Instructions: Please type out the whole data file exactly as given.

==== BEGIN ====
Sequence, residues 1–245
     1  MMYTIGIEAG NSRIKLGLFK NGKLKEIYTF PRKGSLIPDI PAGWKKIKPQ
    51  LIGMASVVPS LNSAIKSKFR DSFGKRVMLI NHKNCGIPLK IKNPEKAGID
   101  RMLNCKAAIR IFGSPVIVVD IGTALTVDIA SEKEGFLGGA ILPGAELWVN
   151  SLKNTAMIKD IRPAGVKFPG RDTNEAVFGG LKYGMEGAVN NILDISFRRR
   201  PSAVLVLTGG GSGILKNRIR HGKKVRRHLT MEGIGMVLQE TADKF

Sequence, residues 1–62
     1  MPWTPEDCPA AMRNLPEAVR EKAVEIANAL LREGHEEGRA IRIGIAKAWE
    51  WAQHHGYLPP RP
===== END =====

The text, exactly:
Sequence, residues 1–245
     1  MMYTIGIEAG NSRIKLGLFK NGKLKEIYTF PRKGSLIPDI PAGWKKIKPQ
    51  LIGMASVVPS LNSAIKSKFR DSFGKRVMLI NHKNCGIPLK IKNPEKAGID
   101  RMLNCKAAIR IFGSPVIVVD IGTALTVDIA SEKEGFLGGA ILPGAELWVN
   151  SLKNTAMIKD IRPAGVKFPG RDTNEAVFGG LKYGMEGAVN NILDISFRRR
   201  PSAVLVLTGG GSGILKNRIR HGKKVRRHLT MEGIGMVLQE TADKF

Sequence, residues 1–62
     1  MPWTPEDCPA AMRNLPEAVR EKAVEIANAL LREGHEEGRA IRIGIAKAWE
    51  WAQHHGYLPP RP